While the impacts of the COVID-19 pandemic are still ongoing, we’re now developing a clearer picture of the challenges faced in certain areas of our healthcare system and what that means for healthcare organizations going forward.
In particular, the COVID-19 pandemic caused a once-in-a-generation disruption to elective procedures. This has impacted demand for surgeries, care delivery, profitability, and the way in which hospitals engage with their patients.
Recently, Mercury Healthcare, which is now a part of WebMD Provider Services, shared new proprietary research in a webinar hosted by Becker’s Hospital Review, delivering a data-driven look at the effects of the pandemic on health systems nationwide. The webinar, Adjusting to the New Realities of Elective Procedure Care, featured Dr. John Whyte, Chief Medical Officer for WebMD, and Emmett Gordon, senior data scientist for Mercury Healthcare, and summarized the analysis from 340 million visits at 56 health systems from 2019 to 2021.
Here are three key findings from the research.
1. There were large shifts in surgical care
Total visit volume increased by 9% from 2019 to 2021, despite the initial volume drop during the “shut down” phase of the pandemic. However, this recovery was not seen across all types of care.
For example, inpatient elective procedure volume in 2021 saw a 39% decrease from 2019. That decline has persisted despite overall visit volume recovery. Within the inpatient setting, joint replacements saw the most significant decline. These procedures represented 51% of elective inpatient surgeries in 2019, but saw a 65% decline over the course of the pandemic.
Meanwhile, a 6X increase in outpatient hip replacements was seen in the span of only two years with 54% of these procedures performed in an outpatient setting in 2021, compared to just 9% before the pandemic. “This is a large shift that’s going to have a lasting impact on hospital systems and patients alike,” Gordon said.
2. There is pent-up demand for specific elective procedures
The study used a set of example procedures (within the joint replacement, cardiology, gynecology, endocrinology, and spine procedural areas) to better understand care shifts and demand trends. The data allowed the Mercury Healthcare team to plot out the procedures on a continuum of volume growth and care shifts and then determine the potential opportunities for specific procedures – falling into the categories of “capture”, “maintain” or “adapt.”
Surgeries that have not returned to expected volumes, including Coronary Artery Bypass Graft (CABG), thyroidectomy and spinal fusion demonstrate pent-up demand. As these services come back online, a “capture” strategy can remind patients that getting the right care is both safe and effective.
Volume for these procedures, including hysterectomy, shoulder repair, and laminectomy, is above return-to-growth levels. To “maintain,” health systems should ensure new patients are still able to access these procedures while driving volume to those with higher pent-up demand.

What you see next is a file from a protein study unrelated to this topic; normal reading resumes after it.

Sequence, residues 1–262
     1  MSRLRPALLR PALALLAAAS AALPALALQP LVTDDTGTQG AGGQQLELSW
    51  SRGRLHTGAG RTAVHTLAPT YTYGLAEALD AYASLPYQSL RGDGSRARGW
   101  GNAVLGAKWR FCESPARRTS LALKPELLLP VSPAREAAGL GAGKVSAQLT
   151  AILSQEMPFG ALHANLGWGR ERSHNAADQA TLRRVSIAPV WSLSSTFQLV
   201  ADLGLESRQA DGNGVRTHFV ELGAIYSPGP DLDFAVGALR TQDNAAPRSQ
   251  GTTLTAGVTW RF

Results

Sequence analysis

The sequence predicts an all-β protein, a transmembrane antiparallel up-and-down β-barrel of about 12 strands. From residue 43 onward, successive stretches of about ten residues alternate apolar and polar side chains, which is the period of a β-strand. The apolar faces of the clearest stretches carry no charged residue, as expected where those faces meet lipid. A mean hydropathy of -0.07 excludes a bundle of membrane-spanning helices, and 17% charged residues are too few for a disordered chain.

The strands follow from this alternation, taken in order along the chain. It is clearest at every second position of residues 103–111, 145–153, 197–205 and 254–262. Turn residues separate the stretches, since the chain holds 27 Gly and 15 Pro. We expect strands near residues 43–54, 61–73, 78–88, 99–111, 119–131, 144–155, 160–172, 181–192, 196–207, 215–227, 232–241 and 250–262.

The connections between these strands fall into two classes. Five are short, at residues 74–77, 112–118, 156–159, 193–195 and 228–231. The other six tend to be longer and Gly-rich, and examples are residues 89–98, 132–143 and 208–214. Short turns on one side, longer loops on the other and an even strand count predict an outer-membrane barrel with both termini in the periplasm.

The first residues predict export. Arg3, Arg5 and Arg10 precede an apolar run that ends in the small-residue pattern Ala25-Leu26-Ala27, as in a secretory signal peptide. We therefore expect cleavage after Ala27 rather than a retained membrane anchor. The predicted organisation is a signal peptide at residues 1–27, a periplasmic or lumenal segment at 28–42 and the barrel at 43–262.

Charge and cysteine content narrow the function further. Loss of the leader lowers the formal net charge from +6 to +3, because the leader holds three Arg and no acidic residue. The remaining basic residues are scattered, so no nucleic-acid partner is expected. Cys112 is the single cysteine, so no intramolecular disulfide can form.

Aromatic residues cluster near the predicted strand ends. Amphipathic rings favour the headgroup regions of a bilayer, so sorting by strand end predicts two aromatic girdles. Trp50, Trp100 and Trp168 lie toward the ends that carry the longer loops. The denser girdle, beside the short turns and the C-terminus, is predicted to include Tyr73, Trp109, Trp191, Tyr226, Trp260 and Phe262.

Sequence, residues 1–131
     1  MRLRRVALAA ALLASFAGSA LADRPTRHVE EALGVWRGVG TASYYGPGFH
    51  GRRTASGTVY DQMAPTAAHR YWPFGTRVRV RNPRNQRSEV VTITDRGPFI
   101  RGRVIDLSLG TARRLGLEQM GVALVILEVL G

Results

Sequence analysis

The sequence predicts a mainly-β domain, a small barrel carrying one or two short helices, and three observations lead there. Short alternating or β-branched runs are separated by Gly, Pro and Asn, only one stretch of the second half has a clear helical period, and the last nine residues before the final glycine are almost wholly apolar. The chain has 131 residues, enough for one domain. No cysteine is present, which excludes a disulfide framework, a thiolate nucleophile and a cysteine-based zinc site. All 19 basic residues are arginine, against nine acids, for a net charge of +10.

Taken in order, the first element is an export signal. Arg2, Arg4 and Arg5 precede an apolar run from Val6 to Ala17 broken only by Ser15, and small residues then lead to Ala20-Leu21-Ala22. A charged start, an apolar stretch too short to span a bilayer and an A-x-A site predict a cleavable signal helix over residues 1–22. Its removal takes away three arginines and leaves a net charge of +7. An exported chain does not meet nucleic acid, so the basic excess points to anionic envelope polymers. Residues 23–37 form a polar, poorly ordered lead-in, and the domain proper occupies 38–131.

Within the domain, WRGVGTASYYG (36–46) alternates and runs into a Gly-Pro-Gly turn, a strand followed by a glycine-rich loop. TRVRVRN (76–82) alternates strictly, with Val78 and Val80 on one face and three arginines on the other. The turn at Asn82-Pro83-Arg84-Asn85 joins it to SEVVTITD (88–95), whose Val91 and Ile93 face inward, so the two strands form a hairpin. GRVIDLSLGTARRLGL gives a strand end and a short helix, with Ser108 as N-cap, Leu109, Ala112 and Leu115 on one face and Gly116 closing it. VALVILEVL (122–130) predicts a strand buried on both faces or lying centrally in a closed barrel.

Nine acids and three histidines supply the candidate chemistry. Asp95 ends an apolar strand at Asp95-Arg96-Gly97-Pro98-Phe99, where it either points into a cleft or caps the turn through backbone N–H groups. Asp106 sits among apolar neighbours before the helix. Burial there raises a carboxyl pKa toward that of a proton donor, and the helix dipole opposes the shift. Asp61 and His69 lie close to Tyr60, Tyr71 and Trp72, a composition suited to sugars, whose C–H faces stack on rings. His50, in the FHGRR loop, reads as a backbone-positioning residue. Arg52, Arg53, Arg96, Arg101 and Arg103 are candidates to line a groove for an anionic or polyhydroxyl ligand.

High pent-up demand exists for procedures in new care settings, including knee and hip replacement. Health systems can “adapt” by preparing operationally for higher outpatient surgical volume, and educating patients on new advancements that make care more efficient.
Gordon emphasized that this framework represented national trends and that individual markets will vary. However, he recommended that health systems do this type of analysis on their own data.
A slide from Mercury Healthcare’s webinar Adjusting to the New Realities of Elective Procedure Care
3. Profitability will vary by procedure and setting
Gordon noted that outpatient knee replacements reimburse 41% less than inpatient, and now nearly 80% of those procedures are being done in an outpatient setting.
However, same-day knee replacements can be far more efficient. “Health systems that can meet pent-up demand with capacity in these new settings will thrive,” he added.
Each of these findings has implications for your health system in terms of their marketing, strategy and patient experience.
Gordon recommended leveraging the power of predictive analytics to help capture pent-up demand, noting that Mercury Healthcare has a suite of over 250 clinical propensity models that can show when patients are at the highest risk for having certain surgeries. “From then on, it’s just about talking to them in an effective way and understanding the kind of audience that you are talking to and how they might respond to different sorts of messaging,” he added.
As Dr. Whyte noted, this shift in where care is being delivered provides an opportunity for health systems to engage effectively with consumers and patients to meet them where they are.
You can watch the full webinar here.